For the first time in more than 200 years, the Festival of Our Lady in Sorrow cannot be celebrated on the streets of Viana do Castelo, but it will not be forgotten. Between August 19th and 23rd, the festivities will be held remotely, through digital platforms, so that the tradition and spirit of the Romaria are maintained.

    One of the main attractions of the Festival, is the Parade of Mordomas where hundreds of women dress in traditional Portuguese costumes and wear traditional Portuguese filigree jewelry.

    Traditional Portuguese Filigree

    Heart of Viana

    The Heart of Viana is currently used as a symbol of the city of Viana do Castelo. The city of Viana lends its name to the piece, which has become, over the years, an almost indispensable element in the Festival of Our Lady in Sorrow, in filigree necklaces on the chests of those who participate in them.⁠⠀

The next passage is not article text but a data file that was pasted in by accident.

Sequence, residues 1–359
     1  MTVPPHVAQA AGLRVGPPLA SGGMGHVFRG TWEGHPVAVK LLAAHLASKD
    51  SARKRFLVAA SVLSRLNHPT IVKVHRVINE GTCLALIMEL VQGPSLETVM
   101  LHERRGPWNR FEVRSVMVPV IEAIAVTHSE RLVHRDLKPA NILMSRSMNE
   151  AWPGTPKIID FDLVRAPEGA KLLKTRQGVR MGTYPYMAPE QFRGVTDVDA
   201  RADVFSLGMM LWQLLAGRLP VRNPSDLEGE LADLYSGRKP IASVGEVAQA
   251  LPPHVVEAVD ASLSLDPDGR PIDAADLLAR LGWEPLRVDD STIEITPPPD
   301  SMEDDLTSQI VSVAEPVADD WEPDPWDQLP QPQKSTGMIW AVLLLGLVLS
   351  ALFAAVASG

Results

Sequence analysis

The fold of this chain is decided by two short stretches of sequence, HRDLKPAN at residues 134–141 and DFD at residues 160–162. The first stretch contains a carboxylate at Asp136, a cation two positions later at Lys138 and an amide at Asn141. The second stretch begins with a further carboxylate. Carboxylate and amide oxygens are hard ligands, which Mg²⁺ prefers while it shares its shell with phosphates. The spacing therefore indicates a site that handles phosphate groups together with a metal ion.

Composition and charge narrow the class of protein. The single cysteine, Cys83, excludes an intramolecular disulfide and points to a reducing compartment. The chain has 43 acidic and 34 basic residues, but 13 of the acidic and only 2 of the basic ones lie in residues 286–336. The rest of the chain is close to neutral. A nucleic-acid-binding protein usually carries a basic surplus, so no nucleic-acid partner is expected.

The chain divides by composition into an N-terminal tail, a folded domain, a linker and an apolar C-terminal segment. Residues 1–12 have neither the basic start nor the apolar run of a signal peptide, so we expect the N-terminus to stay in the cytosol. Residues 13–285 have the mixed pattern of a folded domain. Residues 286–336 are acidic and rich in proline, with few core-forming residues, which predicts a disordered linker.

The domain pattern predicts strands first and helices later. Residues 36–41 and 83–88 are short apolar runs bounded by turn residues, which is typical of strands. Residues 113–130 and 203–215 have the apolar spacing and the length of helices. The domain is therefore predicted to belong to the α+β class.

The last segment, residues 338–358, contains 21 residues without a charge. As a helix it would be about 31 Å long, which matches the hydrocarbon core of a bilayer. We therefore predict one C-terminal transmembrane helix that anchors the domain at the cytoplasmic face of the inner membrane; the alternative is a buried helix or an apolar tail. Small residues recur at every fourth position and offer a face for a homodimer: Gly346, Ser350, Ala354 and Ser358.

Queen Earrings

    According to an old tale, a pair of gold earrings were offered to Queen Maria II during her visit to Viana do Castelo and the popular model quickly became known as the Queen Earrings.

    Viana Beads

    The young women from Viana do Castelo had the ambition to own a necklace full of gold Viana’s ‘Contas’, with the money they earned from selling eggs and chickens.


    Produced using filigree but with markedly popular origins. Unlike other pieces of jewelry, the arrecadas were imitated by the wealthiest classes of society. The richer, the more elaborate the arrecadas.


    One of the most used jewels in the chieiras of Mordomas at the Festival of Our Lady in Sorrow. Its central part is a piece suggesting the shrine of the Holy Eucharistic.


    In the chieiras of the Mordomas of the Festival of Our Lady in Sorrow, pound coins or imitations medals cannot be missing.⁠ They are ornamented coins, but the coin used in the pieces is an authentic coin, and in the medal of imitation, a replica.⁠


    From the same family as the Queen earrings, the laças are named after their design in the form of a bow. Imitating the pieces used by courtship people, they are still used today in the chieiras of our Mordomas.